Calling a mobile phone from a fixed line will soon be cheaper thanks to a ruling by telecoms watchdog Ofcom.
Soon it will be cheaper to call one of these from your home
Wholesale rates that mobile phone companies charge landline operators for connecting calls to their networks will fall by 30% over a six-month period.
The move will affect mobile operators, Vodafone, O2, T-Mobile and Orange.
A spokesman for Ofcom said BT and other landline companies would have to pass on the cuts to its customers in the form of cheaper fixed-line phone bills.
One of the three planned cuts has already taken place and the other two are expected between September this year and March 2005.
This decision to impose cuts followed a probe by Ofcom's predecessor Oftel dating back to 1998 which
concluded that so-called termination charges - the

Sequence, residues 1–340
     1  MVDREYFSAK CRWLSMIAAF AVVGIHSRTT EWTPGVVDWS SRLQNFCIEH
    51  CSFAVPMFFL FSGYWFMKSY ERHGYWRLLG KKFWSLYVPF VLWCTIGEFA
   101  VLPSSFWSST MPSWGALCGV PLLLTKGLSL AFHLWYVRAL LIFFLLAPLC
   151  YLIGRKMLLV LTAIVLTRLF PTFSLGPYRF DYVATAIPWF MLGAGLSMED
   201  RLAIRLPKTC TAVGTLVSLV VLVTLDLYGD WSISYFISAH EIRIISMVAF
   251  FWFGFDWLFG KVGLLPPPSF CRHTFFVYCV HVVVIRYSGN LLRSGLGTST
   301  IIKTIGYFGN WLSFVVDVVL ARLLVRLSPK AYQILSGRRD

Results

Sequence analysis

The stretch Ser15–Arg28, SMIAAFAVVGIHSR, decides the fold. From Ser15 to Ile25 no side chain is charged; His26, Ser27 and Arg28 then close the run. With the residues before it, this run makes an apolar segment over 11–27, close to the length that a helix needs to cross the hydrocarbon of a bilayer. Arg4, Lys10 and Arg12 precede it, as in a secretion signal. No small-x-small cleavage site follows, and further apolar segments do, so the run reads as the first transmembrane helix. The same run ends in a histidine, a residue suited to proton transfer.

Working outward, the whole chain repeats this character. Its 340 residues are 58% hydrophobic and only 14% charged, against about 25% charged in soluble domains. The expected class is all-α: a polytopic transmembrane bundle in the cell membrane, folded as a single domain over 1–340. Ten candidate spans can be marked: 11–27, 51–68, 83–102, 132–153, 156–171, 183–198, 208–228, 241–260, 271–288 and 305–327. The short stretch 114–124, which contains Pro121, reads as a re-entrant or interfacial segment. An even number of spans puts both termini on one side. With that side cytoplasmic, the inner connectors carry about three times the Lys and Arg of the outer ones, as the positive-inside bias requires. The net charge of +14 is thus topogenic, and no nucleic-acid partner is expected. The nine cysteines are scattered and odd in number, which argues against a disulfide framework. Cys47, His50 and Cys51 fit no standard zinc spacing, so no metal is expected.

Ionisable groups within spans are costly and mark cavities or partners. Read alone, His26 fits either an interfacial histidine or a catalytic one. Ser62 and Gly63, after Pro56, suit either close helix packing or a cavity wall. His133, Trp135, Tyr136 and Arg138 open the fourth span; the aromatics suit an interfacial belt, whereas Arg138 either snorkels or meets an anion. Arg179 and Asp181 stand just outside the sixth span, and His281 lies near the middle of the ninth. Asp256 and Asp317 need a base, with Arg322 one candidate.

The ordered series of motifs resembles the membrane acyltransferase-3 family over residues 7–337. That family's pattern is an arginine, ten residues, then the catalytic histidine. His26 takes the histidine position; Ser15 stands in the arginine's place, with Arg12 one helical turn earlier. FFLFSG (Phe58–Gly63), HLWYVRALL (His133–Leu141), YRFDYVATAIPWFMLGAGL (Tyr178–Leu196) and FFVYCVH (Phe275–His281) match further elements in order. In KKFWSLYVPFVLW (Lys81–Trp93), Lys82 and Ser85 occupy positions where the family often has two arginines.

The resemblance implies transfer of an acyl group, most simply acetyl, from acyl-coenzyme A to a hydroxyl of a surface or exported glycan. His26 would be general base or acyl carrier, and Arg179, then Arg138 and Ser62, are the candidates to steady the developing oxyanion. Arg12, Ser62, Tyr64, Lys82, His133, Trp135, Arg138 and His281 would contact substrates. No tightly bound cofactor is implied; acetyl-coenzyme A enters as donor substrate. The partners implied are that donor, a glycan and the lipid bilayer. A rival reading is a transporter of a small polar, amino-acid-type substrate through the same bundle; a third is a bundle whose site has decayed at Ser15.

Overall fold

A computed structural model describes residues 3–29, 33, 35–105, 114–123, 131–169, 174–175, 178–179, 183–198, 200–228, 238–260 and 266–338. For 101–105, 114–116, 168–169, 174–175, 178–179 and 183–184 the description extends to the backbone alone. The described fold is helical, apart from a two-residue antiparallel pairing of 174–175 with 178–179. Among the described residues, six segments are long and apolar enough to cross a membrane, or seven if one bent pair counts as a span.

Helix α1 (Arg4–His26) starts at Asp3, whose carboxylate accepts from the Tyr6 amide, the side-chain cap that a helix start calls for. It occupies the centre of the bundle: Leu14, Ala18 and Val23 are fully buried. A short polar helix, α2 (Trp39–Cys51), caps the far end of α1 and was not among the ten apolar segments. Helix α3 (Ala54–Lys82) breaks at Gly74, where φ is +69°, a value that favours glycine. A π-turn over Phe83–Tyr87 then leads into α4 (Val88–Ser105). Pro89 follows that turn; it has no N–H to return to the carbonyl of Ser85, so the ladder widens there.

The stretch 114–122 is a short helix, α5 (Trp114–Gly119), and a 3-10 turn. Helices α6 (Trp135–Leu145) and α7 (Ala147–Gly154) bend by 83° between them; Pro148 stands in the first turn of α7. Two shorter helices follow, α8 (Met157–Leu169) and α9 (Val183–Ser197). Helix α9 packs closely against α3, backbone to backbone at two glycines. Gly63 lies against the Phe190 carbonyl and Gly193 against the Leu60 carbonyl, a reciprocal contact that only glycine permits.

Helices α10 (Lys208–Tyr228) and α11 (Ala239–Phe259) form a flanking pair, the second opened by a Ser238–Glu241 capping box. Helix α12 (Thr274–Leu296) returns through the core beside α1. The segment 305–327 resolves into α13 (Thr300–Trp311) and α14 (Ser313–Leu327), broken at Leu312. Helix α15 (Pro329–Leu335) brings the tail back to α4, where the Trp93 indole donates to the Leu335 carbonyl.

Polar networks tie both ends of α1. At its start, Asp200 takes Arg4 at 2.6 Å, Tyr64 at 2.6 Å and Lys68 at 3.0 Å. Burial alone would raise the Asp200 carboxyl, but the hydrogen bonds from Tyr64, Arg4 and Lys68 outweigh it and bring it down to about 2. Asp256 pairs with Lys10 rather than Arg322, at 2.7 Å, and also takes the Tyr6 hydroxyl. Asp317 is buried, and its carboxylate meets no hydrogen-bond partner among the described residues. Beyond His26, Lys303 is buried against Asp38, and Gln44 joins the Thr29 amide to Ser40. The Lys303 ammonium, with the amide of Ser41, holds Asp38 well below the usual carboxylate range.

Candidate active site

cost of connecting incoming calls to mobile networks - were too steep.
Vodafone and O2 will cut their call termination charges to 5.63 pence from 8 pence per minute during the six month period between September and March 2005.
At the same time, T-Mobile and Orange will cut rates to 6.31 pence per minute from 9.5 pence.
"No one in the industry sees any reason why the next two cuts shouldn't be passed on to customers as well," said a spokesman for Ofcom.
The charges will remain in place until March 2006, but will not apply to new high-speed third-generation (3G) networks.
The news of potential cuts in phone bills drew a mixed reaction from the National Consumer Council (NCC), which had been campaigning against "rip-off" termination charges.
"We're glad to see that NCC's campaigning has paid off and Ofcom has finally decided to press ahead with cuts," said Diane Gaston, head of corporate affairs at the NCC.
"However it is bad news that Ofcom has stopped short of regulating the call termination charges levied by 3G operators on calls from fixed line and other mobile networks," she added.
"As the 3G market expands, people won't know if they are calling a 2G or 3G network, and this is where termination charges will hit callers - especially those who use landlines, often older people and those on low incomes."